Five minutes after an interview ends, most candidates start to feel the first twitches of impatience and urgency. At this point, employers have almost all of the information they need in order to make a decision, and that decision—positive or negative– can help the candidate move forward and start planning her next moves. So the sooner it happens, the better.

But what should you do if your interview is followed by several days of silence? And what if those days turn into weeks? As a candidate, should you expect a speedy response as a matter of standard courtesy? If your employers delay the decision, should you consider this a red flag? And most important: Should you simply pick up the phone and request a response? Here are a few things to keep in mind before you insist on an answer.

What time of year is this?

Interviews are often scheduled during periods of high demand; in other words, employers are usually looking for new recruits during the same weeks and months that new orders are pouring in and current employees are overworked and overloaded. Interviews may also happen during the quietest times of the year, which may occur during the overlapping vacations of the holiday season and the summer. If either scenario may be taking place—a spike in activity or a lull—prepare to be patient. Leave polite voicemail and email reminders, but don’t expect an immediate response to either one.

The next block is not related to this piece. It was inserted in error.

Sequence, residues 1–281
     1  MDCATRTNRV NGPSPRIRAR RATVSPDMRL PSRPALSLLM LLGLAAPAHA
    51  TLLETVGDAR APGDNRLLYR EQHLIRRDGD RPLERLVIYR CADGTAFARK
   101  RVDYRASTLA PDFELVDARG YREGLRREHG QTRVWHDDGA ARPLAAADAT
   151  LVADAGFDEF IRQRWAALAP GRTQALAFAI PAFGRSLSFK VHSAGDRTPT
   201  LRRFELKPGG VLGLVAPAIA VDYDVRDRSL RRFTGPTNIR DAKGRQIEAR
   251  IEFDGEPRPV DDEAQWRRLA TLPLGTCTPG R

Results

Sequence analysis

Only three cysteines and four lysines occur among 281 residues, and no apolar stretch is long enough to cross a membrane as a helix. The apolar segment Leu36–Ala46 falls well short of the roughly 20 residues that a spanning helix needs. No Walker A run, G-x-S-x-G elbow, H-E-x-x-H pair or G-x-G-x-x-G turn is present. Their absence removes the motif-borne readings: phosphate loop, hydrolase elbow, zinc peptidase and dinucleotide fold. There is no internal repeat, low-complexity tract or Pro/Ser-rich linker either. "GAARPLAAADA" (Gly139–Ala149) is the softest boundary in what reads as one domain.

What clues did you glean about this process during the interview?

Did your interviewer mention that you were one of 15 candidates? Or one of three? Did she mention that this selection process would involve three or four more rounds of interviews, or did she suggest that the next step would be a final decision? Did she mention a pending background or reference check? Keep in mind that some checks can take weeks to complete.

How many times have you already called?

If you’ve been given a timeline, don’t reach out to the company again until the timeline has elapsed. For example, if the HR director told you that you’d receive an answer within two weeks, don’t call and ask for one in three days. Wait until two weeks have elapsed. If you haven’t been given a timeline, contact the company once a week for a job you’re merely considering. If you want this job very badly, call (or email) the employer every three days.

For more on how to proceed after the interview but before the final offer, reach out to the staffing and job search team at Expert Staffing.

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